Skip to main content

What is happening with my corn crop as it inches closer to maturity?

Silking (R1) through dough (R4).

Depending upon your location in northwest Minnesota, your hybrid maturity and planting date, silking (R1), pollination and fertilization likely happened some time in early to mid-July.  Right after fertilization kernel development begins, with the blister (R2), milk (R3) and dough (R4) stages following approximately 10 to 14 days, 21 days, and 24 to 28 days after pollination, respectively (Ritchie et al., 2005; Nleya et al., 2016; Hicks et al, 2018).

During the dough stage, one is no longer able to easily squeeze kernels and see milky liquid come bursting out of the seed coat.  This is because this milky fluid is being replaced with starches to form a pasty, dough-like consistency.  While kernels are approximately 70% moisture during the dough stage, as starches continue to accumulate more of the doughy consistency is lost to firmer dry matter (Ritchie et al., 2005).


The R5 or dent growth stage is the last remaining stage for the crop to get through on its way to physiological maturity.  This stage occurs approximately 5 to 6 weeks after silking and is named for the fact that after you peel back the husk leaves to reveal the kernels, the center of all (or most) of the kernels have a small indentation in the center (Nleva et al. 2016).  This dent forms because the kernel tissue begins to dry down from the top of the kernel next to the silks, progressing toward the tip where the kernel attaches to the cob.

One can figure out how far along the crop is in this starch deposition process on its way to maturity by snapping an ear in half and looking at the kernels on the ear tip half of the broken  cob for the milk line.  The milk line is the dividing line between the white, dense starch layer (near the top of the kernel) and the more doughy material (toward the tip of the kernel) and it moves closer to the kernel tip as starch is deposited and the crops gets closer to maturity.

A corn crop that has reached the dent stage has advanced past when significant stress (such as a hail storm or foliar disease) would have led to fewer kernels.  At R5, it is the weight of kernels (test weight) and not number that would be affected when encountering a significant stress (Ritchie et al., 2005).  If a frost terminates the growing season before a black layer has formed between the kernel and the cob (signifying that the plant has reached physiological maturity) both test weight and the rate of dry down can be negatively impacted.


Corn reaches physiological maturity approximately 55 to 65 days after silking.  The black layer that forms cuts the kernel off from the cob tissue telling us that even if green leaf tissue remains, the plant can no longer add starch to kernels.  At physiological maturity moisture content of the kernels can be as high as 35 percent(Ritchie et al., 2005).  People don’t attempt to harvest at or near physiological maturity for a couple of reasons, 1) Kernels with higher moisture content can be injured during harvest; injured kernels can be more easily infested with fungi and can resulting in poor quality, shortened storage times and/or mycotoxin contamination of the crop, and 2) drying corn to 13 to 15 percent moisture is quite expensive.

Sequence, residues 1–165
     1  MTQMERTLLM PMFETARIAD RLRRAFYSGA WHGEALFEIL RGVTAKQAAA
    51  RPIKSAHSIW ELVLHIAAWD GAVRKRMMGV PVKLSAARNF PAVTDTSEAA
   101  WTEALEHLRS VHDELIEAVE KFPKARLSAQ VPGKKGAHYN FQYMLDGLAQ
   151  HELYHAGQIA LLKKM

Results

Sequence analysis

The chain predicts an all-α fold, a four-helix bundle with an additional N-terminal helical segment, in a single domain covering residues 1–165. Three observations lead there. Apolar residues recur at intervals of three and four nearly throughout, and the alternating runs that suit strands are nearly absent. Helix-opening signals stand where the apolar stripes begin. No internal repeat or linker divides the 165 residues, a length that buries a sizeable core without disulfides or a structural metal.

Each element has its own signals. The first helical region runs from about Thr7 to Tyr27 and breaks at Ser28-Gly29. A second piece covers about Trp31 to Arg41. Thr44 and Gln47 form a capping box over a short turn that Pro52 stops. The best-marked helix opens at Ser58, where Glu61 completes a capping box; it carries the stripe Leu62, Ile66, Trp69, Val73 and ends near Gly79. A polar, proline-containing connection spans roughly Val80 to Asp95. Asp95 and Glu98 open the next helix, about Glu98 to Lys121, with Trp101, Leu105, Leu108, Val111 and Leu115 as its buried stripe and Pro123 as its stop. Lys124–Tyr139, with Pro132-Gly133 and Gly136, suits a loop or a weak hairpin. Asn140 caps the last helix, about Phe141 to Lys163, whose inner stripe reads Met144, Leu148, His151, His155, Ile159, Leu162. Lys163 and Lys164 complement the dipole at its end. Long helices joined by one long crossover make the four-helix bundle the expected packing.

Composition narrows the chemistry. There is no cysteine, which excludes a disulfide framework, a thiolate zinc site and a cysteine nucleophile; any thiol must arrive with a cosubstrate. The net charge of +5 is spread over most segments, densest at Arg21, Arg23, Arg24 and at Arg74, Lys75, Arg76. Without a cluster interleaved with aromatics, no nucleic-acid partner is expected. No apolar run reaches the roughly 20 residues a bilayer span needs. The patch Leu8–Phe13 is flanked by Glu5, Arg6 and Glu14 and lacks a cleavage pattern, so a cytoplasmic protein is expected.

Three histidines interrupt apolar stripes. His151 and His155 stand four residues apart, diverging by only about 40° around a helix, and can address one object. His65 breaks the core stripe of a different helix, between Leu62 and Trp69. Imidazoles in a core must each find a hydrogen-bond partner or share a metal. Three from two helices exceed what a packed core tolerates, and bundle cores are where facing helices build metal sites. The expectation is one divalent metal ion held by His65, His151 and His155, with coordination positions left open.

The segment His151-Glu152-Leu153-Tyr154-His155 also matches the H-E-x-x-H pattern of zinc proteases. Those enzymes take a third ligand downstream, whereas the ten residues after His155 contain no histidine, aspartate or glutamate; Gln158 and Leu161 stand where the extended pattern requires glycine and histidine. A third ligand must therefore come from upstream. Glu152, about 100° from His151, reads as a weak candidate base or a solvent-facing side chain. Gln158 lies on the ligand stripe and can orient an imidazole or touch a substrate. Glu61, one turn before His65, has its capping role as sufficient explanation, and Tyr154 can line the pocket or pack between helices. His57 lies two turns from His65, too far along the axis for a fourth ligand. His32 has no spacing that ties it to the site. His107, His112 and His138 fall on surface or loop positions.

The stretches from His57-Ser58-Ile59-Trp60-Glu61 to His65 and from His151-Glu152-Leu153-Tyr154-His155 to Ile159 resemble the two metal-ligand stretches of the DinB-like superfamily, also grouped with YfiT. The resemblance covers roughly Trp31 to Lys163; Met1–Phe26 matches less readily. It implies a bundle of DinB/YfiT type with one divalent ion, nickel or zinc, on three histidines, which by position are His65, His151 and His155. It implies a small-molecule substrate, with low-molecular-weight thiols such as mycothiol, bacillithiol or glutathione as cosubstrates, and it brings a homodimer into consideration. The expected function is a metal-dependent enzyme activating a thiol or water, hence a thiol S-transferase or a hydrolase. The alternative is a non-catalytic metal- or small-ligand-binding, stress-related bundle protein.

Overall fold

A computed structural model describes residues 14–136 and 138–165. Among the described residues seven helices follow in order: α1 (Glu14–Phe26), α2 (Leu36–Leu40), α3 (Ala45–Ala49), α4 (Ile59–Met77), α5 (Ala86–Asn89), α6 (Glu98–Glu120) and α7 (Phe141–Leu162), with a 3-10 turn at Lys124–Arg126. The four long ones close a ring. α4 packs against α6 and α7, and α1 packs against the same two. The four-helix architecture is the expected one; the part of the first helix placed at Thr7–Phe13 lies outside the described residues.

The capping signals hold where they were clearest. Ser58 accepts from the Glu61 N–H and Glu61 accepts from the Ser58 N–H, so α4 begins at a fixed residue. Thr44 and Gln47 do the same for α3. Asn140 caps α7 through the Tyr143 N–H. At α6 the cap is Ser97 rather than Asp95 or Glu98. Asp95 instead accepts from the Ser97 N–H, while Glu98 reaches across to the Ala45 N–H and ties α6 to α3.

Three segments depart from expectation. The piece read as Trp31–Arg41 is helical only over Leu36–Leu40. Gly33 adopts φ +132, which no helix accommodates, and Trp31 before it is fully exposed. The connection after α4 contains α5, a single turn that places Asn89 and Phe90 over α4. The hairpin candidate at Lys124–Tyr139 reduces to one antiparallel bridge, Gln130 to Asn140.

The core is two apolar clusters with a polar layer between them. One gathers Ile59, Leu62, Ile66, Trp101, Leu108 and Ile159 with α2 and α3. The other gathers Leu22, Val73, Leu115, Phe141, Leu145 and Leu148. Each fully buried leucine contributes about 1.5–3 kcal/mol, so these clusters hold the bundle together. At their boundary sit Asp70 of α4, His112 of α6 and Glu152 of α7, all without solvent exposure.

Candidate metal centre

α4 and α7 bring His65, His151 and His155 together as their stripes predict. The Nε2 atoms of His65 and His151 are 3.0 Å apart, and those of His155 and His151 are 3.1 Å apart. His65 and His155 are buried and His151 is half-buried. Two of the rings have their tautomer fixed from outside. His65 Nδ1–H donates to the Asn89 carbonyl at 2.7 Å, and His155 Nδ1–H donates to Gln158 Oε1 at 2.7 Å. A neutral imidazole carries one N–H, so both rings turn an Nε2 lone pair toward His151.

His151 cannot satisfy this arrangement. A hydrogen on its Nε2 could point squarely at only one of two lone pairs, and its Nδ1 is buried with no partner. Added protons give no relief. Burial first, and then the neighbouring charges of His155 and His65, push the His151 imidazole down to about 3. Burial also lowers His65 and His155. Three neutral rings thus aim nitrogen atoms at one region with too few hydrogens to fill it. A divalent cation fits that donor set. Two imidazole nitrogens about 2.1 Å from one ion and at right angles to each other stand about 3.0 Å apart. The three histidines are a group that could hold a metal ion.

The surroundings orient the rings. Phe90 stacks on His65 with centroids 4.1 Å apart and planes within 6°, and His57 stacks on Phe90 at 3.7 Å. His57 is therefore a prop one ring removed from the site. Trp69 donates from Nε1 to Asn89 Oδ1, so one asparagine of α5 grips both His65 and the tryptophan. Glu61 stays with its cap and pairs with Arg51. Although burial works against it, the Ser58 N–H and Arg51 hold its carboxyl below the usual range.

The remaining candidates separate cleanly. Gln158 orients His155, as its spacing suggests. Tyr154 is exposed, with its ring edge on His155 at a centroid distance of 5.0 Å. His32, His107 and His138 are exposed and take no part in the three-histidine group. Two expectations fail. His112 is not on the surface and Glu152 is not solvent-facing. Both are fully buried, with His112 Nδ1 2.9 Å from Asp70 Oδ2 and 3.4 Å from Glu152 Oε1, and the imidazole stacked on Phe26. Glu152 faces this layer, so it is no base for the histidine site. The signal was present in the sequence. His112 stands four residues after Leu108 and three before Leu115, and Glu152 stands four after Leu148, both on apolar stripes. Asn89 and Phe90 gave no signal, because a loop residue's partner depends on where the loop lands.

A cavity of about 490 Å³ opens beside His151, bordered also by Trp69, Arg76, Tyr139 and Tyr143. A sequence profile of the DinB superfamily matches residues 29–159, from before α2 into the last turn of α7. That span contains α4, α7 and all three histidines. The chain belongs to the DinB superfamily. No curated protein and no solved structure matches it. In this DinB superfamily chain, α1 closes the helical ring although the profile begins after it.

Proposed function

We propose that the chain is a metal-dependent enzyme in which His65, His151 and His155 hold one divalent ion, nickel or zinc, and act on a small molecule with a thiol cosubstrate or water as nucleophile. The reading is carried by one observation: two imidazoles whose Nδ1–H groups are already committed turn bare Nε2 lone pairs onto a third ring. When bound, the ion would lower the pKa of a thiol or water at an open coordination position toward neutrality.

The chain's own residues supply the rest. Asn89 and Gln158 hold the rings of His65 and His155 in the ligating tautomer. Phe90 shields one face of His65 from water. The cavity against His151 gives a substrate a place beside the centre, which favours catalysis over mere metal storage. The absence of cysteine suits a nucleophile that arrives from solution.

How far along is the crop? 

The best way to figure this out is to pull some ears (not on the border rows), snap them in half and take a look to see whether the black layer has formed and, if not, where on the kernel the milk line is.

You can also take a look at the hybrid’s characteristics that are likely available on the seed company website to find information about the relative maturity of your hybrid (days to maturity) or the number of growing degree days needed to reach black layer. You can enter this information, your general location and planting date into the corn degree day decision support tool at the Midwest Regional Climate Center.  This program takes into account historical weather trends and the daily high and low temperature for each day since you planted your crop this year to estimate when your crop is likely to reach maturity.

Using this program, an 80 day hybrid, planted near Crookston on May 15 is estimated to reach black layer between September 5 and 12 and both a 75 day hybrid planted on May 15 in the middle of Kittson County and an 85 day hybrid planted on May 15 in the middle of Clay County are both estimated to have already reached maturity.

References & Other Resources.

Hicks, D.R., Naeve, S.L. and Nicolai, D. 2018. (Corn) Growth and development. Online. UMN Extension. University of Minnesota. St. Paul, MN. {Accessed Sept 2, 2020}

MRCC. 2020. Corn growing degree day decision support tool. Online. Useful to Useable. Midwest Regional Climate Center. {Accessed Sept 2, 2020}

Nleya, T., C. Chungu, and J. Kleinjan. 2016. Chapter 5: Corn Growth and Development. Online. In Clay, D.E., C.G. Carlson, S.A. Clay, and E. Byamukama (eds). iGrow Corn: Best Management Practices. South Dakota State University. {Accessed Sept 2, 2020}

Ritchie, S.W., Hanway, J.J. and Benson, G.O. 2005. How a corn plant develops. Special report No. 48. Iowa State University Extension.
Print Friendly and PDF